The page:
Tuesday, May 03, 2016

A few thoughts on Puerto Rico's debt crisis

Make no mistake: The terms set up for Puerto Rico's $422 million payment to its debtors this week were ones that no one - including the creditors - believed that Puerto Rico could meet (nor do they have any chance of meeting the $2 billion - yes, billion - payment due in July).

How much more could the island reasonably cut by way of services as cuts have already pushed it to the brink? In the last two years, the island has laid off tens of thousands of employees, raised its sales tax to 11.5%, closed 10% of the its schools, shuttered dozens of hospitals and clinics, watched 
84,000 of its sons and daughters depart for the mainland United States last year alone and seen nearly half the island's population descend into poverty.

The logic behind this is similar to the austerity package that was pushed on Greece, the one that Finance Minister Yanis Varoufakis resigned over last September. It is all about punishment. The hedge funds and vulture funds such as BlueMountain Capital Management that own a significant chunk of Puerto Rico's debt (and their front organizations, such as the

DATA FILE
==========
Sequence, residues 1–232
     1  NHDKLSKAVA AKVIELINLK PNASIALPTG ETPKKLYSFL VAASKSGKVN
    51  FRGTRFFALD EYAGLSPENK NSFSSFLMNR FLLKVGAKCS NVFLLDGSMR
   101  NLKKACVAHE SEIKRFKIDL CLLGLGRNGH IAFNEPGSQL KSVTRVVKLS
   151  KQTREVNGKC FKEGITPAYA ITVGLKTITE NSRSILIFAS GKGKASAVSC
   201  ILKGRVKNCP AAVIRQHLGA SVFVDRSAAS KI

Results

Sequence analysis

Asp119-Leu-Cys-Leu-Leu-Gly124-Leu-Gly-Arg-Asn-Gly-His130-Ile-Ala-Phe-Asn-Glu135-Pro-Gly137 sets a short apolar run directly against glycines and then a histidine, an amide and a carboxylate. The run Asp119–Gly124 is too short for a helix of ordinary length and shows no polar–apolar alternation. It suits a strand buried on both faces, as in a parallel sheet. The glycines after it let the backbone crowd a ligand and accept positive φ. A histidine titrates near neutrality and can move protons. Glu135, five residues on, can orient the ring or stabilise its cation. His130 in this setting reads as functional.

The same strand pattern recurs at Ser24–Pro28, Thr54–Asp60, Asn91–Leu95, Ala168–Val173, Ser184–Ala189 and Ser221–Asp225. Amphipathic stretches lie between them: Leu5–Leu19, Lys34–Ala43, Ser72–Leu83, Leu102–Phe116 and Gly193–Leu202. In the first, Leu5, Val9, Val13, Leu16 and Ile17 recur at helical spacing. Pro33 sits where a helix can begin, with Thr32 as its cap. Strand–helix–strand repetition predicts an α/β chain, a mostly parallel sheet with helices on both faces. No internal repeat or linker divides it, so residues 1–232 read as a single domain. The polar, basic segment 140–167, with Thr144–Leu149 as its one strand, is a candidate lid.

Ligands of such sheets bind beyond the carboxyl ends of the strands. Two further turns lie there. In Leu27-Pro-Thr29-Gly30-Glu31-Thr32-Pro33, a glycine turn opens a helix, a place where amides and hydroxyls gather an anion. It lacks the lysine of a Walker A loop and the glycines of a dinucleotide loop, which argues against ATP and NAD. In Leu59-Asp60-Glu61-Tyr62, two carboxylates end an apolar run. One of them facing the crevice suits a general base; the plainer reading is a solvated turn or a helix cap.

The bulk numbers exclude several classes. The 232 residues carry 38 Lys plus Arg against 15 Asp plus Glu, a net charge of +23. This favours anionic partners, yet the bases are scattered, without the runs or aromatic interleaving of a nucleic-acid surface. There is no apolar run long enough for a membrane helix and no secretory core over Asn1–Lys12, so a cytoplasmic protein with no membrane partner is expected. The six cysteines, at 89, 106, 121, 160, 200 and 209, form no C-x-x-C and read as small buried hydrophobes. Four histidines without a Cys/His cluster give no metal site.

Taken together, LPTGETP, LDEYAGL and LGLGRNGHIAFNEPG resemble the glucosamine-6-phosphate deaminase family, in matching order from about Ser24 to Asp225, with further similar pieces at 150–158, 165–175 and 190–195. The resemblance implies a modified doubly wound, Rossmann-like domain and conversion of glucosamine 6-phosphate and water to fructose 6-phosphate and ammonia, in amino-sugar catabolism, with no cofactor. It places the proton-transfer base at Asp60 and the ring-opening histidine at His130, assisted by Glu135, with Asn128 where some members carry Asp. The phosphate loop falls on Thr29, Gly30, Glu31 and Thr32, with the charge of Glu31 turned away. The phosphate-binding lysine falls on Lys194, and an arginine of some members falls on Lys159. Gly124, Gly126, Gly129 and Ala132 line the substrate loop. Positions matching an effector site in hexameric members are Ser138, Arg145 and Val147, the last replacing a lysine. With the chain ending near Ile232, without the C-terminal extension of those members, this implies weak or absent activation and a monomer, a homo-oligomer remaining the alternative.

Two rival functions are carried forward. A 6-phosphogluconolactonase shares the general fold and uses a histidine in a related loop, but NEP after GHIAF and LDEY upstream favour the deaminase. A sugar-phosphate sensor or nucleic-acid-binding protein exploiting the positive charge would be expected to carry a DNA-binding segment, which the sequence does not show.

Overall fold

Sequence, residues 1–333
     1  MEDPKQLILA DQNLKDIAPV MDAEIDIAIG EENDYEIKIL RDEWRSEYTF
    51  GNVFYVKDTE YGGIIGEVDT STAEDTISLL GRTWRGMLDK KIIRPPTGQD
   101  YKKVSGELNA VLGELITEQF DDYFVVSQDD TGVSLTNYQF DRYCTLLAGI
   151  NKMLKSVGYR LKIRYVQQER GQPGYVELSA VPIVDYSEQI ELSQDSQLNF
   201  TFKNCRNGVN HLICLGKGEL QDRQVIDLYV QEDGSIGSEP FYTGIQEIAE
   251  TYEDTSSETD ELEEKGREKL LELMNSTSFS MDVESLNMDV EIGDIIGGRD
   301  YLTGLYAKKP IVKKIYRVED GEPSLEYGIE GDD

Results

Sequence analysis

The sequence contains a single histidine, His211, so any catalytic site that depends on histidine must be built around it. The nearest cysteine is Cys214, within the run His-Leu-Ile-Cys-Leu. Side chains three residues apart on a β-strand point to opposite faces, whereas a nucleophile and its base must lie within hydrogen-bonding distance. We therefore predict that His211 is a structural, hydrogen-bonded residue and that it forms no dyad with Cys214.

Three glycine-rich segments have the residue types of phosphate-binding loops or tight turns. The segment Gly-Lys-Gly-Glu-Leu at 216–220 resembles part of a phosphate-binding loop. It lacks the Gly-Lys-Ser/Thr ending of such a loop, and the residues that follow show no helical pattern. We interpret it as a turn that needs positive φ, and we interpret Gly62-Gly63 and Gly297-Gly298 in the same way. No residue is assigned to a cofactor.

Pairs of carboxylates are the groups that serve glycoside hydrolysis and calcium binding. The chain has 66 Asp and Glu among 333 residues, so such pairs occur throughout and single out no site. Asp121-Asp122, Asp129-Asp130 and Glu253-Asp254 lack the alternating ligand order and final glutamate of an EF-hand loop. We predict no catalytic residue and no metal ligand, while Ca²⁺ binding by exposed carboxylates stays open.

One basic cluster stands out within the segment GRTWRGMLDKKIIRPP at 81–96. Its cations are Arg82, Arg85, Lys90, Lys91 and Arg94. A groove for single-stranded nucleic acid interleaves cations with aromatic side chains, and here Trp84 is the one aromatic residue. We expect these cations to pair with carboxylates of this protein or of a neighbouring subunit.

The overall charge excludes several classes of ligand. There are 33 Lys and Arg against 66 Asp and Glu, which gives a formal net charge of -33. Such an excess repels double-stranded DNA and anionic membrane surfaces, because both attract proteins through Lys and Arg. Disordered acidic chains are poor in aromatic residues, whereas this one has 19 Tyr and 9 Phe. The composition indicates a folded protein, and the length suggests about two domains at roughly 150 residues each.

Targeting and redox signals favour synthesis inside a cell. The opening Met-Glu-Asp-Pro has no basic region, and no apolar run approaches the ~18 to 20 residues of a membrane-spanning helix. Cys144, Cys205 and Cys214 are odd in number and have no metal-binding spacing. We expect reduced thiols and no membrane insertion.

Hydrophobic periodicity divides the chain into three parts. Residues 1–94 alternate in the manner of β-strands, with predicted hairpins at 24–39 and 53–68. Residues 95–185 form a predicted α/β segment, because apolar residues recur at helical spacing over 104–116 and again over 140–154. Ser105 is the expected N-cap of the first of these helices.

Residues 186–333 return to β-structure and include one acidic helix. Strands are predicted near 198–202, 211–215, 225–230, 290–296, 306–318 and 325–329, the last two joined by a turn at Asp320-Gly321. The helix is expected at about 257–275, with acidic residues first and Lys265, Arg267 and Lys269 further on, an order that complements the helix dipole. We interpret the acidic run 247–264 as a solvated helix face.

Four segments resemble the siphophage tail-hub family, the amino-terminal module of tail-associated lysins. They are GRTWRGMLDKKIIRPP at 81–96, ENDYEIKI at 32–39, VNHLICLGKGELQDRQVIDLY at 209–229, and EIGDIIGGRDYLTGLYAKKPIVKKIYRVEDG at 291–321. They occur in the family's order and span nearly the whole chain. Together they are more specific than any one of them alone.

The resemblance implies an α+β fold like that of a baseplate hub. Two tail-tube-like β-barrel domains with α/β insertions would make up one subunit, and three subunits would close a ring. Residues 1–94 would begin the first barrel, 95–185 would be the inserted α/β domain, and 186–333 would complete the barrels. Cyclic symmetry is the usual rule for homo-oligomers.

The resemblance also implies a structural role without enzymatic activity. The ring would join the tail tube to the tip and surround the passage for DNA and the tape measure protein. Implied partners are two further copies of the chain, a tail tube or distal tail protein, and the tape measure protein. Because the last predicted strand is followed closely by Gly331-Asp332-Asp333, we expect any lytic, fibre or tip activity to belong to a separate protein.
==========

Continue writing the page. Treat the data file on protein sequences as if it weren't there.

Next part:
Center for Individual Freedom and Main Street Bondholders, pressuring Congress) are sending an unambiguous message not only to Puerto Rico's citizens but to those of other countries in which they operate: Fuck with us and we'll make you scream. If this is how we treat U.S. citizens, imagine how we will treat you?

It is a scandal that 3.5 million Americans are being subjected to the economic equivalent of waterboarding, and Congress should act to reign in the island's usurious creditors and bring some relief to its citizens. Having colonies comes with responsibilities, too.

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